What the Sun Does to Your Skin Over Time

We’ve all had those moments, where we step outside and bask in the warm glow of the sun. For many of us, it’s a mood-booster, gives us a much-needed boost of vitamin D, and just feels plain good. Unfortunately, just a few minutes in the sun can quickly turn it from best friend to worst enemy, particularly when it comes to your skin.

We’ve all heard the dangers of lingering in the sun too long, unprotected, from the time we were young, or may have even experienced a painful sunburn. But are you aware of what the sun can do to your skin over time? Here’s what you can expect, and how you can effectively protect the skin you’re in. 

Woman sitting poolside in green bathing suit squeezing bottle of lotion

Sun Safety Basics

Let’s take it back to science class for a moment, and review some key facts about the sun. Sunlight is the main source of Ultraviolet (UV) radiation even though UV rays make up only a small portion of the sun’s rays. Different types of UV rays reach the ground in different amounts. About 95% of the UV rays from the sun that reach the ground are UVA rays, with the remaining 5% being UVB rays.

There are different types of UV rays, although the main rays to focus on when it comes to our skin are UVA and UVB. UVA rays cause skin cells to age, are typically associated with deeper wrinkles and can be linked to some skin cancers. UVB rays are the main rays that cause sunburns and are directly linked to causing most skin cancer. These rays can come from the sun, directly, or from man-made sources, such as tanning beds.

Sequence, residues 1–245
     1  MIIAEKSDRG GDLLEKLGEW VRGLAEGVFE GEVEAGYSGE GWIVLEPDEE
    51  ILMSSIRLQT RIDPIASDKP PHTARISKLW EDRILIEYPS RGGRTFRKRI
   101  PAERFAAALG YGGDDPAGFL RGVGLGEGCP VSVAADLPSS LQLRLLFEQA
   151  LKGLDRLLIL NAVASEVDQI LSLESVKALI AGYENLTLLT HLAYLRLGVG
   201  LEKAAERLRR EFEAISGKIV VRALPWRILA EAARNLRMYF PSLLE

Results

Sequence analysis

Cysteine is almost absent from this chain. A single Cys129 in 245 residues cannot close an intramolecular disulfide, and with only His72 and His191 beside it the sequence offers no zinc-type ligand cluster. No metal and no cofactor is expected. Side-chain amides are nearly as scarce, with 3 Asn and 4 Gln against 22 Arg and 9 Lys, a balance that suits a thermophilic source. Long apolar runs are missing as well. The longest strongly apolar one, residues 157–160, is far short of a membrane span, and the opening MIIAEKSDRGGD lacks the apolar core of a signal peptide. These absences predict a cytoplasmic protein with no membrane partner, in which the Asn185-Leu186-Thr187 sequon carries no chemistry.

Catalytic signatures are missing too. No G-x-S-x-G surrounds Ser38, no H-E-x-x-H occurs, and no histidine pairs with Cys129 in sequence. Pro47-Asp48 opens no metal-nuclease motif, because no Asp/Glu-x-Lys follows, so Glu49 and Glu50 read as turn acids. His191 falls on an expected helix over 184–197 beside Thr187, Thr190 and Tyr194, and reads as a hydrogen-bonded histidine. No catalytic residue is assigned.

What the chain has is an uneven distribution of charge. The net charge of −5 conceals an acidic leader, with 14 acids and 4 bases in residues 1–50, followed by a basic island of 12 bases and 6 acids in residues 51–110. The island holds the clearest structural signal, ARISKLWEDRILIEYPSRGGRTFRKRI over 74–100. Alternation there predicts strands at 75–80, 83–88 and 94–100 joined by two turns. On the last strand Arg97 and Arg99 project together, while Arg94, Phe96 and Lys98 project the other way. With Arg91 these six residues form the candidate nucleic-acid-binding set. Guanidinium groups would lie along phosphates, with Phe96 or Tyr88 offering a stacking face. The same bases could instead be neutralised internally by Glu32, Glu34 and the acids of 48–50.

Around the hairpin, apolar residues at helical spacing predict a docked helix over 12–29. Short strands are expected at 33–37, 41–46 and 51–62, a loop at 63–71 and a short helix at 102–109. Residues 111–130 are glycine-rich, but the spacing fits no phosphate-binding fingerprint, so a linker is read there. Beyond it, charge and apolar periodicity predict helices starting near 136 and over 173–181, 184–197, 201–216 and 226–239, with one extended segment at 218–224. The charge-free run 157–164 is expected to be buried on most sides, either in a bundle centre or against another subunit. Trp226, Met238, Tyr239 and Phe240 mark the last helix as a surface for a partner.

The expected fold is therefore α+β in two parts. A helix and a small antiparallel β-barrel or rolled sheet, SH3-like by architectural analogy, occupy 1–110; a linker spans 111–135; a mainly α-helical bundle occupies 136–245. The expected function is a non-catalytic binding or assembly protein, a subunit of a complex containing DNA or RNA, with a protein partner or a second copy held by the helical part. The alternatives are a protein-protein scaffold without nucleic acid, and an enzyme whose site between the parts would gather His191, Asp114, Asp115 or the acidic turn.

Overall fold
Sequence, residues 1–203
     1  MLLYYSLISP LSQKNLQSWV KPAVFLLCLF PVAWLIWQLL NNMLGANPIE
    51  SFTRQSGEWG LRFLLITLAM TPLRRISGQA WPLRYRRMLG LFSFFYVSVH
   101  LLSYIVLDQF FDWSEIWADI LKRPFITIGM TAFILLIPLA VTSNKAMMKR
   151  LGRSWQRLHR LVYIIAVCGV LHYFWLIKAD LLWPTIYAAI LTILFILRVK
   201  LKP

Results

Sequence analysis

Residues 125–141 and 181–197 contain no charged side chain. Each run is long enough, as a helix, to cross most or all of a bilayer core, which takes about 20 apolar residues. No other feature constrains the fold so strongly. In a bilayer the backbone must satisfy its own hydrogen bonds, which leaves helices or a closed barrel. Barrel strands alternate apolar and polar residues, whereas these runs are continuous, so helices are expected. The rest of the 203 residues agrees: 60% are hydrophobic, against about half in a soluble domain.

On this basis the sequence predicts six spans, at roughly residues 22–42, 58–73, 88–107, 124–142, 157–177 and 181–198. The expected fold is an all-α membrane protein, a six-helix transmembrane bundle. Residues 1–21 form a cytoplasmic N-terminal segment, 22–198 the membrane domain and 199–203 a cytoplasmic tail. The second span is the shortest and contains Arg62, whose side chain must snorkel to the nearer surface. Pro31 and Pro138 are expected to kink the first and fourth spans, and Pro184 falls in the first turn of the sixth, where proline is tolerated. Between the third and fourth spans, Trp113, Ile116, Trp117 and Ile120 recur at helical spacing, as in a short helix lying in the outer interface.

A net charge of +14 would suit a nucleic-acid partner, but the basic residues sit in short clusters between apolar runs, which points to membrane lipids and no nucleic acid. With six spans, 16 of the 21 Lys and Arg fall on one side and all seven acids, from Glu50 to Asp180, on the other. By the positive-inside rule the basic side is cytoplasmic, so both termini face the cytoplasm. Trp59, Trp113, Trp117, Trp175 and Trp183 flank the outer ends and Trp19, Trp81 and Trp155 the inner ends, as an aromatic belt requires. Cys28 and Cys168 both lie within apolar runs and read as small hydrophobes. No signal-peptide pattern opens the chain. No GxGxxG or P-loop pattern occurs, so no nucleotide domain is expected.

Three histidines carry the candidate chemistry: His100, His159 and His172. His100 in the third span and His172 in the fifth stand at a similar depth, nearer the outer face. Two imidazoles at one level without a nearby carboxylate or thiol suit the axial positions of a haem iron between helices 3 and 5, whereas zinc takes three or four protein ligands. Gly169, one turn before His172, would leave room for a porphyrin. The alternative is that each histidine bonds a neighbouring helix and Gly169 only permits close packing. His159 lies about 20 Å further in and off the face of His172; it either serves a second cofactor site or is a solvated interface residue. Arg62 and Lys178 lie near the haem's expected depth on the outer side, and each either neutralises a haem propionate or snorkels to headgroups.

UVA rays can account for up to 95 percent of the UV radiation reaching the earth, are commonly associated with broad-spectrum sun products, and can penetrate through windows and clouds. UVB rays are connected to the SPF (Sun Protection Factor) on sunscreen labels and can be filtered and don’t penetrate glass. 

What Does the Sun do to Your Skin?


Sunburns cause inflamed, painful skin that may feel hot to the touch, and will often appear within a few hours of being in the sun too long. You can get sunburn relief with simple self-care measures, such as applying our Algae and Aloe Cool Gel post-exposure, which will help cool the skin. Our Matcha Cool Mask is excellent after your face has been in the sun. Apply a thicker layer for 20 minutes post-sun, or apply a thinner layer to help relieve any discomfort overnight. 


Photo-aging refers to the sun prematurely aging the skin. This can happen when ultraviolet (UV) light hits skin that is unprotected by sunscreen and causes DNA changes to skin cells. This damage can show up on the skin as brown spots, wrinkles, broken capillaries, and even uneven skin texture. Unfortunately, there isn’t much that can be done in terms of reversing sun damage, you can start preventing future damage immediately by wearing sunscreen. People who use sunscreen with an SPF of 15 or higher daily show 24 percent less skin aging than those who do not use sunscreen daily. A great option for facial sunscreen is Beauty by Earth Mineral Facial Sunscreen SPF 20.